Hopes are rising slowly for a long-awaited thaw in relations between Korea and Japan as Seoul appears to be sending out reconciliatory signals while pressing Tokyo to come clean about its wartime atrocities.
Foreign Minister Yun Byung-se sat down with Japanese Ambassador Koro Bessho for tea on the sidelines of a joint culture event on Sunday, marking their first one-on-one consultation.
During the one-hour talk, the two diplomats concurred on the need for consistent efforts to shore up the relationship, such as through cultural cooperation and people-to-people exchanges, Seoul officials said.
Yun asked Bessho to help bring about the “momentum” for the relations to make progress, with the two countries gearing up to celebrate the 50th anniversary of the normalization of ties.
The surprise meeting may indicate an about-face in Yun’s principled stance toward an unrepentant Japan. While the event has been attended by a vice culture minister since 2005, Yun had given the cold shoulder to the idea since he took office in March 2013, brushing off Bessho’s request for a courtesy visit last year in the face of heated historical tension.
Foreign Minister Yun Byung-se (right) and Japanese Ambassador Koro Bessho attend a joint culture event in southern Seoul on Sunday. (Yonhap)
In contrast, former Korean Ambassador Lee Byung-kee had managed to meet with not only Japanese Foreign Minister Fumio Kishida, but also Prime Minister Shinzo Abe at least twice until he was succeeded by Yoo Heung-soo late last month.
In another sign of rapprochement, Seoul last week engineered the first trilateral deputy-minister-level dialogue with Tokyo and Beijing since November. During the session, the sides agreed to work together for a foreign ministers’ meeting soon and eventually a summit. This month’s U.N. General Assembly may set the stage for the foreign ministers’ talks.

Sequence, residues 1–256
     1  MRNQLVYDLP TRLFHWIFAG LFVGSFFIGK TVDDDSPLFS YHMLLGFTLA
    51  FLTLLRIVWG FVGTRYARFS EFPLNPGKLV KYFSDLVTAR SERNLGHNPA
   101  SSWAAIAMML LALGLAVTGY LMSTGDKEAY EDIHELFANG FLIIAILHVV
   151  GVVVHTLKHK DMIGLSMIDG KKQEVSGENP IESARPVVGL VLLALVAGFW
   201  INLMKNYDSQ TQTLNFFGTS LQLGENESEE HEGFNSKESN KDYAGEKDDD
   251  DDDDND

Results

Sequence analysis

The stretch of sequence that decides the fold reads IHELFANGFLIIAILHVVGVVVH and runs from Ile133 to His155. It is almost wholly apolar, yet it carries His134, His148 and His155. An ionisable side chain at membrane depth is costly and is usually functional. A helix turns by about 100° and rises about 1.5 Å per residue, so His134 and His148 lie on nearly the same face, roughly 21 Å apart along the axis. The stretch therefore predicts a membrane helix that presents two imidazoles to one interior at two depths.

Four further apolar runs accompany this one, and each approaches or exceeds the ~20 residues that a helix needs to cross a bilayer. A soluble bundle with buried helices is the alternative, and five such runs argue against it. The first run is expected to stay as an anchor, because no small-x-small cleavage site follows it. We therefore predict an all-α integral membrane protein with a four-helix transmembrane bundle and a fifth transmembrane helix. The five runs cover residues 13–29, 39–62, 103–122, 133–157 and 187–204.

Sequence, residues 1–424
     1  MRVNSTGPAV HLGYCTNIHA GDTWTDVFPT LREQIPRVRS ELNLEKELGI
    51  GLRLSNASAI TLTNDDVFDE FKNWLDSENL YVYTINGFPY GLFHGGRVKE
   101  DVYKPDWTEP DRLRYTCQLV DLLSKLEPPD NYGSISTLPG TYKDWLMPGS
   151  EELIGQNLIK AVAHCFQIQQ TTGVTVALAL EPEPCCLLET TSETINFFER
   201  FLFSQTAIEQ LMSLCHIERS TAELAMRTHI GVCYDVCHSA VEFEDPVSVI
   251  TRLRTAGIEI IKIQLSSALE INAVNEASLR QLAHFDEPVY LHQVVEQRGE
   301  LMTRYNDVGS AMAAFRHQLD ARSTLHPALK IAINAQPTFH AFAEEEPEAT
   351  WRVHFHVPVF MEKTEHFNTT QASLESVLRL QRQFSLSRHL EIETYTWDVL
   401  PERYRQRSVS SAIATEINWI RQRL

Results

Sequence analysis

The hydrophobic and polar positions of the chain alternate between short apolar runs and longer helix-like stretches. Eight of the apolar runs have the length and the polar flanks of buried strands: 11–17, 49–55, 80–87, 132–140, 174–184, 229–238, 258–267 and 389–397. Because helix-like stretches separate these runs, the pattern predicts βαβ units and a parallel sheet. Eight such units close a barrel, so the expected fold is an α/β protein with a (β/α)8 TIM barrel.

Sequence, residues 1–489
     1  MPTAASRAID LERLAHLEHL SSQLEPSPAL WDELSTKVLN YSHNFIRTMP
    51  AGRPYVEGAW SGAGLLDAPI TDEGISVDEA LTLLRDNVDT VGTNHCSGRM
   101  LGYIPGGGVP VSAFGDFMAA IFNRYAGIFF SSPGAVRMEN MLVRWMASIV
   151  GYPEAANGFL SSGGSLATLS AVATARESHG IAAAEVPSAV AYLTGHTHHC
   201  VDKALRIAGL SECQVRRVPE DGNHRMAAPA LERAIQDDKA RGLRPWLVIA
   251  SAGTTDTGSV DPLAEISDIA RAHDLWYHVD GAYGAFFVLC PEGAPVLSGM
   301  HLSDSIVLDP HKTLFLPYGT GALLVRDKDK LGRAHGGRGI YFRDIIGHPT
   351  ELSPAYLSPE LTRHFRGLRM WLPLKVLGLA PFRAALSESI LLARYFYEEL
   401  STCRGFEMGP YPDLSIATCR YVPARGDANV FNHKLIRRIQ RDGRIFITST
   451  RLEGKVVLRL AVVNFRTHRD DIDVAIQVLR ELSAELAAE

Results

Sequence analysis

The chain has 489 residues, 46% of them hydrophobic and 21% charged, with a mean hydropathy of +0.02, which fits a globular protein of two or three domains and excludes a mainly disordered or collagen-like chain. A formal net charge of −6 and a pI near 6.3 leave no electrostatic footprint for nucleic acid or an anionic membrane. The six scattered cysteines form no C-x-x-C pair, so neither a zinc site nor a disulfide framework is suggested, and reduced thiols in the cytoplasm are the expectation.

The chief delegates of Korea and Japan held a separate consultation on its margins. Vice Foreign Minister Cho Tae-yong is also eyeing a fresh round of bilateral strategic dialogue this year. Such talks were last held in January 2013.
The move contrasted with Korea’s longstanding reluctance toward a bilateral summit between Abe and President Park Geun-hye, as well as its heated international campaign to raise awareness about Japan’s sexual enslavement of Asian women during World War II and bring justice to the victims and their families.
The apparent turnaround came as Seoul seeks to put its ties with Tokyo back on track, with the Park presidency entering the final stage of its second year and coming under pressure for legacy in foreign affairs and security, which is deemed Park’s forte.
The upcoming fourth round of director-general-level talks could determine the near future of the bilateral relations, observers say, for which Korea has called for a concrete and viable proposal to put an end to the “comfort women” row.
“Japan should come up with a substantive formula, which I think they are currently working on. We’re trying to do our part (to restore the relationship), but the resolution of the comfort women issue is inevitably the starting point,” a Seoul official said on condition of anonymity due to the sensitivity of the matter.
By Shin Hyon-hee (firstname.lastname@example.org)